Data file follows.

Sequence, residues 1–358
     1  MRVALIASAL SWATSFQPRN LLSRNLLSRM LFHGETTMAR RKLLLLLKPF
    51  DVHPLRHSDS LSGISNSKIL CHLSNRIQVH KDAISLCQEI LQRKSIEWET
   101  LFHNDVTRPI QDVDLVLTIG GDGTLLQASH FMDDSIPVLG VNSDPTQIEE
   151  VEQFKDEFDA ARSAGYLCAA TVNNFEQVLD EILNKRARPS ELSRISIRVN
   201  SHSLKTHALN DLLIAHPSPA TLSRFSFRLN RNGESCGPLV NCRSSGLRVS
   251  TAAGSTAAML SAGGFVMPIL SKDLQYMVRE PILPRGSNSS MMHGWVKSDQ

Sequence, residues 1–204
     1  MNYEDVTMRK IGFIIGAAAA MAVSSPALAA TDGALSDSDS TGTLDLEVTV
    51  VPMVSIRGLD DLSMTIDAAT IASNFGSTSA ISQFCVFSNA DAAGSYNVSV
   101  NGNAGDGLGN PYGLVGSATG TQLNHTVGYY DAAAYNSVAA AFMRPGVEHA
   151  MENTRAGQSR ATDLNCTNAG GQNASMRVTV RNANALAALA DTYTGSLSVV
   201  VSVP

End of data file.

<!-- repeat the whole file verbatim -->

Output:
Sequence, residues 1–358
     1  MRVALIASAL SWATSFQPRN LLSRNLLSRM LFHGETTMAR RKLLLLLKPF
    51  DVHPLRHSDS LSGISNSKIL CHLSNRIQVH KDAISLCQEI LQRKSIEWET
   101  LFHNDVTRPI QDVDLVLTIG GDGTLLQASH FMDDSIPVLG VNSDPTQIEE
   151  VEQFKDEFDA ARSAGYLCAA TVNNFEQVLD EILNKRARPS ELSRISIRVN
   201  SHSLKTHALN DLLIAHPSPA TLSRFSFRLN RNGESCGPLV NCRSSGLRVS
   251  TAAGSTAAML SAGGFVMPIL SKDLQYMVRE PILPRGSNSS MMHGWVKSDQ

Sequence, residues 1–204
     1  MNYEDVTMRK IGFIIGAAAA MAVSSPALAA TDGALSDSDS TGTLDLEVTV
    51  VPMVSIRGLD DLSMTIDAAT IASNFGSTSA ISQFCVFSNA DAAGSYNVSV
   101  NGNAGDGLGN PYGLVGSATG TQLNHTVGYY DAAAYNSVAA AFMRPGVEHA
   151  MENTRAGQSR ATDLNCTNAG GQNASMRVTV RNANALAALA DTYTGSLSVV
   201  VSVP